Mike McKenna

As Executive Director of the BC Construction Safety Alliance (BCCSA), Mike McKenna brings to his position a passion for occupational health and safety and extensive industry knowledge and expertise that spans over 20 years. After discovering an interest in occupational therapy, Mike graduated in 1994 with a Bachelor of Science in Rehabilitation Medicine from the University of BC. He began his career as an occupational therapist at GF Strong Rehabilitation Centre where he worked for 10 years. He joined WorkSafeBC in 1996 as an occupational therapist, but soon transitioned into management where he eventually became the liaison to the construction industry, assisting companies with assessment, claims, and health and safety concerns. Prior to joining BCCSA, he spent 3 years as a director and part owner of OrionHealth, a private rehabilitation company specializing in treating injured workers in BC and Alberta.

 

Brian L. Barber

Brian L. Barber has served the construction industry in his home province of Saskatchewan for over thirty years.  Currently he is the Senior Vice President, Saskatchewan with Ledcor Construction Limited, a leading North American, privately held, employee owned collection of construction companies.  Brian has played a key role in the management and development of a wide range of projects throughout Saskatchewan.  He has extensive purchasing and procurement experience earned through his years of business management.  Brian has developed a unique perspective in planning, building design and construction in a variety of commercial, community and institutional projects throughout Saskatchewan.  Brian holds the Gold Seal Certification in Project Management – General Contracting and has been involved in numerous organizations including the General Contractors Association of Saskatchewan and the Saskatchewan Construction Association.  Brian is active in many civic interests including the Saskatchewan Roughriders Football Club and the Juvenile Diabetes Foundation.  He is currently active in the following organizations: 3s Health – Chairman; 3s Health Board of Trustees Benefits – Trustee; Golden Opportunities Fund – Chairman; Canadian Automobile Association – Board Member; Xperigo – Board Member; and Saskatchewan Labour Relations Board - Member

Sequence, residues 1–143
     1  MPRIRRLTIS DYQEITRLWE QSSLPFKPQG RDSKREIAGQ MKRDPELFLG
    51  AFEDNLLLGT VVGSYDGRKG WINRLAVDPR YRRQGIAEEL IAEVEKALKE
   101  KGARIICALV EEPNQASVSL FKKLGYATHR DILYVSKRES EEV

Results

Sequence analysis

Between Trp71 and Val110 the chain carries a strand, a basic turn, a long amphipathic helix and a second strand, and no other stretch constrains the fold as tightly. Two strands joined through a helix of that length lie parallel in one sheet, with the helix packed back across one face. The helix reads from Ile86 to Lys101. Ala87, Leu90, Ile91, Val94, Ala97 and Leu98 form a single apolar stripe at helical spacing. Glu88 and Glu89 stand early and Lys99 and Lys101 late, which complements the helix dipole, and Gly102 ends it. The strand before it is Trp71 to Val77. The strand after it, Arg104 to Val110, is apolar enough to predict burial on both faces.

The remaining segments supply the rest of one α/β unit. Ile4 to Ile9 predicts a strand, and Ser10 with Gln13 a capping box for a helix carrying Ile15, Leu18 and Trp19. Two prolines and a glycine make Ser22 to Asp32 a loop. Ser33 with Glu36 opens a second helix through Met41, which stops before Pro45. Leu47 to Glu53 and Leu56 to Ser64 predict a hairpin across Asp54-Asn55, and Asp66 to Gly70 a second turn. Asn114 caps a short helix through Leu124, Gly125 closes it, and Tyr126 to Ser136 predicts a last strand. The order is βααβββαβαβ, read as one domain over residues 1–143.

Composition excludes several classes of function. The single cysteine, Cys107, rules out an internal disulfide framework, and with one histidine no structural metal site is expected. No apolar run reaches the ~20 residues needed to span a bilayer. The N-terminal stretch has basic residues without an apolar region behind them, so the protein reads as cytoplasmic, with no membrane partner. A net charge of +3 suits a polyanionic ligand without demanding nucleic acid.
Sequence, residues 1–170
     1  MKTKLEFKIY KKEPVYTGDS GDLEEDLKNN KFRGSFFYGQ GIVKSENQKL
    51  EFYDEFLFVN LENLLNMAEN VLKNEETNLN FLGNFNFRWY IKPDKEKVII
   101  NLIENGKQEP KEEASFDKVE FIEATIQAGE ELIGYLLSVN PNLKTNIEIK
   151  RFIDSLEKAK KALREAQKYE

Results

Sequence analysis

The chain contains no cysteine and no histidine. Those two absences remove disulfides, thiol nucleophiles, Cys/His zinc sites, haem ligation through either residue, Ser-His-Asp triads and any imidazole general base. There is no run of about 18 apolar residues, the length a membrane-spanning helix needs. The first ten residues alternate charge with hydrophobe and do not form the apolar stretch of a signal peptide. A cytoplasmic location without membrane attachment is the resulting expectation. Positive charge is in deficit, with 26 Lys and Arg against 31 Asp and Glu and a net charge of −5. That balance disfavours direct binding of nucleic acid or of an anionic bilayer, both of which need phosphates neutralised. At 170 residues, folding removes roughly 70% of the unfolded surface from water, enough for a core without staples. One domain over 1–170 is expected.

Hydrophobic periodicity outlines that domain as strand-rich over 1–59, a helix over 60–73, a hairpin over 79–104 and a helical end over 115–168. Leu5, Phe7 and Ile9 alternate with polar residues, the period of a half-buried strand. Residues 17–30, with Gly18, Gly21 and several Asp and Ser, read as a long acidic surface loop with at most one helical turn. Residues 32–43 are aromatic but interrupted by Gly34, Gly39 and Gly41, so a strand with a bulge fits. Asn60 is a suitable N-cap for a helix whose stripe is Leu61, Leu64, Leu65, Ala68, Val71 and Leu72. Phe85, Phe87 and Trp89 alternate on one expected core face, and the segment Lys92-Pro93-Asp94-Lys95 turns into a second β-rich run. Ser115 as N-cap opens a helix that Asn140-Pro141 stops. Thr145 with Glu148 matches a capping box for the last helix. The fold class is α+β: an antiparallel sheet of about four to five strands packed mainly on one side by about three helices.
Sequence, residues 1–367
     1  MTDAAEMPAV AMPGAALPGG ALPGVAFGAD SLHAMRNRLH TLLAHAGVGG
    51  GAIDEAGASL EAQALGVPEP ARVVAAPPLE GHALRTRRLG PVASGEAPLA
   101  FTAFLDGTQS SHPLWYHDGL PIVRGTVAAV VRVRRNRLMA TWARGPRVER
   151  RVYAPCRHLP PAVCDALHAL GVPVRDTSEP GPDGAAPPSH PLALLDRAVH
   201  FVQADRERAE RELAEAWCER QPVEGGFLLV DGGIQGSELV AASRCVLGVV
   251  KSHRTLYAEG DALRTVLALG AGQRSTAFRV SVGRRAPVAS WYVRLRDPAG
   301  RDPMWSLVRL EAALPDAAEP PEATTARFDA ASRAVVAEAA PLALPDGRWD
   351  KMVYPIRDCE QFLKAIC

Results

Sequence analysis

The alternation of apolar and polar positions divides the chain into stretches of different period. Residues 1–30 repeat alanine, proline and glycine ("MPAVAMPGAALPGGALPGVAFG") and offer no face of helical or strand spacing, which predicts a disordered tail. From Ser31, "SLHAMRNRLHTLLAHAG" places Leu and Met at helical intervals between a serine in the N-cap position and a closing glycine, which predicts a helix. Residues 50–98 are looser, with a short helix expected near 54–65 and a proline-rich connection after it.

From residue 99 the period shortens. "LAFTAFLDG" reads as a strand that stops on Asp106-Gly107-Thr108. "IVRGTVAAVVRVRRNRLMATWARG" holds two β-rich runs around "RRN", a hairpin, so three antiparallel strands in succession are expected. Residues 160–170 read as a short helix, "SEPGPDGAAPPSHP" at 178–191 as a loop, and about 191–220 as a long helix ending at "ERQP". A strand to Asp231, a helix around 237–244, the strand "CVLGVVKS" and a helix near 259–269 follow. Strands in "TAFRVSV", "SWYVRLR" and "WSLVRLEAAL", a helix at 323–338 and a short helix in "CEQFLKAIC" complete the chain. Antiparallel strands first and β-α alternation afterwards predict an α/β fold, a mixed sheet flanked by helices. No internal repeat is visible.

Errol Fisher

Errol Fisher is the Vice President of Operations at North Ridge Development Corporation, an award-winning builder that specializes in single and multi-family homes and condos.  Errol has an extensive history in the construction industry that started with a summer job working as a carpenter’s helper for a Saskatoon framing company.  In 1981, Errol was inspired to start his own framing company which operated in Saskatoon and surrounding areas, Western Canada, The North West Territories and Korea.  Errol also operated a wood wall panel prefabrication plant in Vancouver.

In 1997, Errol accepted an offer to work for North Ridge as a Site Supervisor and oversaw the construction of single-family homes, apartment-style condos and commercial buildings.  He was quickly transitioned to the VP of Construction and then to his current position as the VP of Operations.

Errol sits on a number of national, provincial and local boards.  At the national level he is the 2nd Vice-Chair of the Net Zero Council.  He is also the Chair of the Saskatoon and Region Home Builders’ Association Builder Committee and is the past-Chair for the Saskatchewan Construction Safety Association and now serves on the Board.  Most recently, Errol was honoured as the CHBA 2017 Member of the Year due to his long-standing contributions to CHBA through his dedication and outstanding service.